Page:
Glycolysis Introduction, Pathway , Diagram & Summary
The Embden-Meyerhof pathway or Glycolysis.. Microorganisms employ several metabolic pathways to catabolize glucose and other sugars.
During the energy-requiring phase of glycolysis. Two ATP are spent to form an unstable sugar with two phosphate groups, which then splits to form 2 three-carbon molecules that are isomers of each other.
which shows in the diagram below.
A phosphate group is transferred from ATP to glucose, making glucose-6-phosphate. Glucose-6-phosphate is more reactive than glucose.
Glucose-6-phosphate is converted into its isomer, fructose-6-phosphate.
A phosphate group is transferred from ATP to fructose-6-phosphate, producing fructose-1,6-bisphosphate. This step is catalyzed by the enzyme phosphofructokinase.
Fructose-1,6-bisphosphate splits to form two three-carbon sugars: dihydroxyacetone phosphate and glyceraldehyde-3-phosphate. They are isomers of each other, but only one—glyceraldehyde-3-phosphate—can directly continue through the next steps of glycolysis.
DHAP is converted into glyceraldehyde-3-phosphate. The two molecules exist in equilibrium, but the equilibrium is “pulled” strongly downward, in the scheme of the diagram above, as glyceraldehyde-3-phosphate is used up.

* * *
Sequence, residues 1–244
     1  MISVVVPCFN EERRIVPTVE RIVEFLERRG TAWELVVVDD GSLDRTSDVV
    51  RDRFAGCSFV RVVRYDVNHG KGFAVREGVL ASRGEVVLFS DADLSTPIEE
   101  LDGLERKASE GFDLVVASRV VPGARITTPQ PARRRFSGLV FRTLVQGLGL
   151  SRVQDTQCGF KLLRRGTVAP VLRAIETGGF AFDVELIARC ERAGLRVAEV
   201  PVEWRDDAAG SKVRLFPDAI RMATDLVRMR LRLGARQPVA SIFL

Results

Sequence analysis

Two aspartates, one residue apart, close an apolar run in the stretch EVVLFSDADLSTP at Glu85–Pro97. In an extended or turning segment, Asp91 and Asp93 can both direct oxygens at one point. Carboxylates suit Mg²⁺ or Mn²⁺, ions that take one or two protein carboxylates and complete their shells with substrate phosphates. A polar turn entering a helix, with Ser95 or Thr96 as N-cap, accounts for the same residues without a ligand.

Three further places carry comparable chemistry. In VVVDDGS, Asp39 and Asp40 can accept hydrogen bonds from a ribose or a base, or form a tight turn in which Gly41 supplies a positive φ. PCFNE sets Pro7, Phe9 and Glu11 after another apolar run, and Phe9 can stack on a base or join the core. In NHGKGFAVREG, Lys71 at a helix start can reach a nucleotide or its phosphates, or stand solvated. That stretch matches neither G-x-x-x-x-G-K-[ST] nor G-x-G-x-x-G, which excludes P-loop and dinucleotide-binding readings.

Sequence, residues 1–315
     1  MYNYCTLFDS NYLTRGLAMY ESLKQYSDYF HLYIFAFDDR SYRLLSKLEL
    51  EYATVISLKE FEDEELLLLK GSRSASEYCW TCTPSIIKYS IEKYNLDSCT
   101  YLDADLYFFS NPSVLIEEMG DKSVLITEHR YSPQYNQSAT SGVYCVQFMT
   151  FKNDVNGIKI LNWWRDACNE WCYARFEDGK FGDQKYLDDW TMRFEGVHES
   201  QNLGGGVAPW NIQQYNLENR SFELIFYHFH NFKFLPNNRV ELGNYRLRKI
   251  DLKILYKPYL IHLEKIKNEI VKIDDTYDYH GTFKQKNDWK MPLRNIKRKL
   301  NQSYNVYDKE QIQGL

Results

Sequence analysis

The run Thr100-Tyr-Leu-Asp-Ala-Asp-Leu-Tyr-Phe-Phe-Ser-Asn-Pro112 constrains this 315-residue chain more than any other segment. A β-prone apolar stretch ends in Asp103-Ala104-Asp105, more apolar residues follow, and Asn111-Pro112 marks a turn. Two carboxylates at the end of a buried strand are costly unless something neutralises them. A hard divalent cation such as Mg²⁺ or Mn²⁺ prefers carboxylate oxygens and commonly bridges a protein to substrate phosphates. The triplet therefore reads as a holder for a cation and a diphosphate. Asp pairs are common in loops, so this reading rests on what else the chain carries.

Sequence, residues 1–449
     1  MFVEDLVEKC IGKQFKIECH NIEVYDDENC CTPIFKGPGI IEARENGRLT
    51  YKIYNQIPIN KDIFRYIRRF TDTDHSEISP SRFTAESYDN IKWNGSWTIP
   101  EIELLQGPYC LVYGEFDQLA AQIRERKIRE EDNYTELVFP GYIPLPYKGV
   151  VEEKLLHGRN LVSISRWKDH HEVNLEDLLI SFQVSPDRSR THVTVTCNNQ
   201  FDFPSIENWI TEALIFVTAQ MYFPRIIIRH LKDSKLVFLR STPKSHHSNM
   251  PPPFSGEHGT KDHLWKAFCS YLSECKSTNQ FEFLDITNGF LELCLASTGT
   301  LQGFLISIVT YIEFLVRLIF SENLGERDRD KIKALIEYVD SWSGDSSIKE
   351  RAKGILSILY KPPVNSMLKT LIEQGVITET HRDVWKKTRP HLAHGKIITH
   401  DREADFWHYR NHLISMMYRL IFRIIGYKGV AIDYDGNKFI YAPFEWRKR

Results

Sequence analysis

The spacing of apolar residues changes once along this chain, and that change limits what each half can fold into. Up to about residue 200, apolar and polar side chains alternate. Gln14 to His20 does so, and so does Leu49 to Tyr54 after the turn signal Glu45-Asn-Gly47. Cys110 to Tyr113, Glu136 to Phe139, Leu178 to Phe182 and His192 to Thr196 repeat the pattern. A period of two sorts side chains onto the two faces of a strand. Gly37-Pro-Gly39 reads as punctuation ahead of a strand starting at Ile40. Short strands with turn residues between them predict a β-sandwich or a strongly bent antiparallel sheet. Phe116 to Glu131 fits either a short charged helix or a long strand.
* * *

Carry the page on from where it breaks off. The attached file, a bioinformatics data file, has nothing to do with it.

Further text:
In the second half of glycolysis, the three-carbon sugars formed in the first half of the process go through a series of additional transformations, ultimately turning into pyruvate.
Glyceraldehyde-3-phosphate is converted into 1,3-bisphosphoglycerate. This is a redox reaction in which NAD+ is converted to NADH. by enzyme glyceraldehyde-3-phosphate dehydrogenase.
1,3-bisphosphoglycerate is converted to 3-phosphoglycerate by phosphoglycerate kinase. This step converts an ADP to an ATP.
3-phosphoglycerate is converted to 2-phosphoglycerate by phosphoglycerate mutase
phosphoglycerate is converted to phosphoenolpyruvate (PEP) by enolase.This reaction releases a water molecule.
Phosphoenolpyruvate (PEP) is converted to pyruvate by pyruvate kinase. An ADP is converted to an ATP in this reaction.
All of these reactions will happen twice for one molecule of glucose.
Overall, glycolysis converts one six-carbon molecule of glucose into two three-carbon molecules of pyruvate. The net products of this process are two molecules of ATP produced and two molecules of NADH.